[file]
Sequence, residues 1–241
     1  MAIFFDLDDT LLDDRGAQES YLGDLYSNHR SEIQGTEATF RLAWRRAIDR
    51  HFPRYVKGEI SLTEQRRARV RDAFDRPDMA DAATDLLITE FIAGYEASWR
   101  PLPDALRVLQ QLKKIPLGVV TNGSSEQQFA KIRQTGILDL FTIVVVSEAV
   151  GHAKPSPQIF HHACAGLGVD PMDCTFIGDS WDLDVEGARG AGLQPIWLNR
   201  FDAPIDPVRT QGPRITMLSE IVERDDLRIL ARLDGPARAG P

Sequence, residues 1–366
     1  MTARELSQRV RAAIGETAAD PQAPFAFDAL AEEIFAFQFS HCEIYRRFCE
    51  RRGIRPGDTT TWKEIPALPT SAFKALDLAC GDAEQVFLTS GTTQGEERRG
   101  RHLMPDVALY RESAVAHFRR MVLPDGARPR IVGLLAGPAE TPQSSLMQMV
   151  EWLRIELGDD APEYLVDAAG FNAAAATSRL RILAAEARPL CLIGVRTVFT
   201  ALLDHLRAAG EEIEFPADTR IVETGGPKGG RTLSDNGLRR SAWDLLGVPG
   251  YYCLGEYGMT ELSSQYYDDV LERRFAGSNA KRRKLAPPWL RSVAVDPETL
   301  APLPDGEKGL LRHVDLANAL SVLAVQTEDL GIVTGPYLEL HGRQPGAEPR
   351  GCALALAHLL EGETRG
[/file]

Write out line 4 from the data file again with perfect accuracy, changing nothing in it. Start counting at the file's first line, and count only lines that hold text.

   101  PLPDALRVLQ QLKKIPLGVV TNGSSEQQFA KIRQTGILDL FTIVVVSEAV